Episkenew's (2009) concept of indigenous literature as "medicine" to heal the wounds of "colonial contagion" is relevant here. Episkenew refers in particular to narrative as part of a healing process for indigenous individuals and communities. Part of the social production of marginality in colonization is the systematic denial of a morally valued identity to a group of people. In Canadian residential schools, for example, children were forbidden to speak their own languages, to wear their hair long or to participate in their own spiritual practices. Denial of identity was evident too in the way in which the nation-making process not only colonized a territory but re-assigned its meanings through remapping and renaming, effectively erasing other ways of knowing the land. It follows that "healing" from these forms of cultural erasure and silencing demands a social response, including a reaffirmation of Aboriginality through narrative means.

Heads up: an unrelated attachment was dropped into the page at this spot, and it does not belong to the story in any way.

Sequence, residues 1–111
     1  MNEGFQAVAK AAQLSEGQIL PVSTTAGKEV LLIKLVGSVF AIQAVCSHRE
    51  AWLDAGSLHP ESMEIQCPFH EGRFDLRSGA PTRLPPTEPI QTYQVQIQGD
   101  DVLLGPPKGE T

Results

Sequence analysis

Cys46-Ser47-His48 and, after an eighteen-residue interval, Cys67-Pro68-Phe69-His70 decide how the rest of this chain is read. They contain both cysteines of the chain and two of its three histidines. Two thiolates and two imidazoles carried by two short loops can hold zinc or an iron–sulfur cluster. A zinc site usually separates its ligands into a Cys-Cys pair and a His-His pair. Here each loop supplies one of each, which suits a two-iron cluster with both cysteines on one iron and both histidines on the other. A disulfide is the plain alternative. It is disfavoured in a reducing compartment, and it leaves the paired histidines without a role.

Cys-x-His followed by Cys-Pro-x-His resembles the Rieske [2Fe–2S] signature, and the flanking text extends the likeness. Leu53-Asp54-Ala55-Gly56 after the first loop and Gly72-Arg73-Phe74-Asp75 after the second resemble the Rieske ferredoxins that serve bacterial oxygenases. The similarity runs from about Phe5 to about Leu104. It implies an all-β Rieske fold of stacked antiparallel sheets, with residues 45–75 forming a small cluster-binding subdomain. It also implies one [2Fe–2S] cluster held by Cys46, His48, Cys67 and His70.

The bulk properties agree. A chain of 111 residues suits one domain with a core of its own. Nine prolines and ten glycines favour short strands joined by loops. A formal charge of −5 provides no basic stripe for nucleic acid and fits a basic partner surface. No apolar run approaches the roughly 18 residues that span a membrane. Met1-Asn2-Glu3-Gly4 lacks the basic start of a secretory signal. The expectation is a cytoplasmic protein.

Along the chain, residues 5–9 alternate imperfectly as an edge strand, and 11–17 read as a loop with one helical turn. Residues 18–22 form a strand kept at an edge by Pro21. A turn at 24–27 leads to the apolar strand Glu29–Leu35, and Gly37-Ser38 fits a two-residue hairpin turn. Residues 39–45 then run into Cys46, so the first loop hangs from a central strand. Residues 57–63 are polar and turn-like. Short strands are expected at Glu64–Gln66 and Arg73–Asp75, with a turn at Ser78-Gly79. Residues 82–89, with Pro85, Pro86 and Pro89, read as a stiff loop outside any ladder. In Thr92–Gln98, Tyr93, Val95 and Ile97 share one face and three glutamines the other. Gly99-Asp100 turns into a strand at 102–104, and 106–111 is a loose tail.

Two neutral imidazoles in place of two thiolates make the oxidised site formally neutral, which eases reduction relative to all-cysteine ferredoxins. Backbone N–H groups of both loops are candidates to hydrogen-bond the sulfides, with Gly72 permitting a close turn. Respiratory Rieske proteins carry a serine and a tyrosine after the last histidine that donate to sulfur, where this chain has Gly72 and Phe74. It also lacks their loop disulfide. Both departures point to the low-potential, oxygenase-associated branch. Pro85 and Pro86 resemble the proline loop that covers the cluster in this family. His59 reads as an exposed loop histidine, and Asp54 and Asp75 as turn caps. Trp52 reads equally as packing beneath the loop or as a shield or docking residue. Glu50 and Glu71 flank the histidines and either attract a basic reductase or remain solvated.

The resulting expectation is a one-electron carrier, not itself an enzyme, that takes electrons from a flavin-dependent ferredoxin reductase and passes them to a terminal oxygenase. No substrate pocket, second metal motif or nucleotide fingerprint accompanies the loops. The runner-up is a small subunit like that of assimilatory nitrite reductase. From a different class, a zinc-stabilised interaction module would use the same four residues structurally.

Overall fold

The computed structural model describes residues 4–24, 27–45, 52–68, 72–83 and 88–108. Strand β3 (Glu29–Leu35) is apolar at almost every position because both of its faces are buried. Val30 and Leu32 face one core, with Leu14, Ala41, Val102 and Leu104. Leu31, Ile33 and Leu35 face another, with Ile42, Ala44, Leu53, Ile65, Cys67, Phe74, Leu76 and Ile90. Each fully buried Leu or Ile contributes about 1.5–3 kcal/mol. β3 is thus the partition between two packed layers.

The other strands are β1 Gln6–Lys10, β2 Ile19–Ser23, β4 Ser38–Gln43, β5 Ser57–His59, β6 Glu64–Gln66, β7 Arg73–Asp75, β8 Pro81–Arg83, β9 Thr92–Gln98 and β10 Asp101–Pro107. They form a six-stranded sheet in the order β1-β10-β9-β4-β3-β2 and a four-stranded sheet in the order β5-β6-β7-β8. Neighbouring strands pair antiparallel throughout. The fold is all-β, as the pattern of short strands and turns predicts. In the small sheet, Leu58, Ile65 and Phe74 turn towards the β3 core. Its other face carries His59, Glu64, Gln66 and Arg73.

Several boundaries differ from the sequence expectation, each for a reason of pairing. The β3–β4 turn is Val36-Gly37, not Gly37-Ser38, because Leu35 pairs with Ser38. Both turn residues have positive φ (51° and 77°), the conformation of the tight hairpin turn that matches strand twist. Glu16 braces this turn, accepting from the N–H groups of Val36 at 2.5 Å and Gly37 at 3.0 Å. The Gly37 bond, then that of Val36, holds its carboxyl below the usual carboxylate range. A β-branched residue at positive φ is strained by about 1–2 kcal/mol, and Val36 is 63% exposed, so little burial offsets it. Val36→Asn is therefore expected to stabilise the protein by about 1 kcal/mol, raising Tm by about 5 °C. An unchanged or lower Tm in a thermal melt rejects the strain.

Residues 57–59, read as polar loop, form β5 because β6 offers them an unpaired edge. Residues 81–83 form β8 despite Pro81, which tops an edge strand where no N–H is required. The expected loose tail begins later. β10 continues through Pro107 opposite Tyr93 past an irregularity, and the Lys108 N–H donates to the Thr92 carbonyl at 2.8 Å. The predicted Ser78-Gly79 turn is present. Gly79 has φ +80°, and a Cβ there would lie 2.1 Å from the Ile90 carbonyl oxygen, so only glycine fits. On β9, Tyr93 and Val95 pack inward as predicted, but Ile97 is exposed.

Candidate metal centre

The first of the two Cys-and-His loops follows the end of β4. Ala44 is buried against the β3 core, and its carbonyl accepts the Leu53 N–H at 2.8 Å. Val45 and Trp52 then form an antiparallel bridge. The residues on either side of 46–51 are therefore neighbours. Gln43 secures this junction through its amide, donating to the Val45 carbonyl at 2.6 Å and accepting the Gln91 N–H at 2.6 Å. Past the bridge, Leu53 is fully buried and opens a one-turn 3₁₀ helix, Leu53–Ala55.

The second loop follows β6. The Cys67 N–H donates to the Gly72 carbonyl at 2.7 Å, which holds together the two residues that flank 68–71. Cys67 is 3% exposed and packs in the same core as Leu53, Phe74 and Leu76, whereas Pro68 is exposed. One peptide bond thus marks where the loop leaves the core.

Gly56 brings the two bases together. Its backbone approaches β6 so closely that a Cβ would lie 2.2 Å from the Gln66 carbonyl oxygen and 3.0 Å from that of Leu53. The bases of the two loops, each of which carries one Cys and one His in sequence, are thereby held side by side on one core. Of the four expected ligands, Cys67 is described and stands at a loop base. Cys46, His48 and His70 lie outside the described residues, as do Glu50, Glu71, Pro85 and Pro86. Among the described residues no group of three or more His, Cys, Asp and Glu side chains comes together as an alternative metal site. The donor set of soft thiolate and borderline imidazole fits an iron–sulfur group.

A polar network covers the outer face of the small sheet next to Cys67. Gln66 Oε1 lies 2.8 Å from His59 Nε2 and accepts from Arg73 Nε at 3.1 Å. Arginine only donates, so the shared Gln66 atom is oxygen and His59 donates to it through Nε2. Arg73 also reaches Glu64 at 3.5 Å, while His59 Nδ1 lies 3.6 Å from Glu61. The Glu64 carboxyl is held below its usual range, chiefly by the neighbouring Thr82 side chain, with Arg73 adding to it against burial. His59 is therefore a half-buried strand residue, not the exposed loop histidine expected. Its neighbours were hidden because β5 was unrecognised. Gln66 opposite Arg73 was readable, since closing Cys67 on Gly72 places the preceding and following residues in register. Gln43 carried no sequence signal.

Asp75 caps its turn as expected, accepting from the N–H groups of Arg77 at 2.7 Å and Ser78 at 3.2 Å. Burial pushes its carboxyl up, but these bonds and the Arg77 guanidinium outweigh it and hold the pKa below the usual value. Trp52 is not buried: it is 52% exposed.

The suffering that endures long past the original colonizing practices goes beyond those that can be addressed by a narrow biomedical approach of curing individual pathologies. While the biomedical approach of "curing" takes disease as the object, in cases of suffering the more holistic approach of "healing" links individual cases of suffering to larger structures of inequality and asymmetrical power relations. Medical anthropologists employ the concept "social suffering" to characterize that which "…results from what political, economic and institutional power does to people, and reciprocally, from how these forms of power themselves influence responses to social problems" (Das, Kleinman, and Lock, 1997: ix). It is not that a group of people are "sick," but that the social and political systems which to a great extent determine one's ability to "be healthy" are themselves "pathological." Indigenous literature, argues Episkenew, can heal the pain of colonization by asserting the competency and experiences of indigenous peoples as well as by awakening the larger settler populations to the sometimes explicit, sometimes subtle, structural forms of violence committed against indigenous peoples.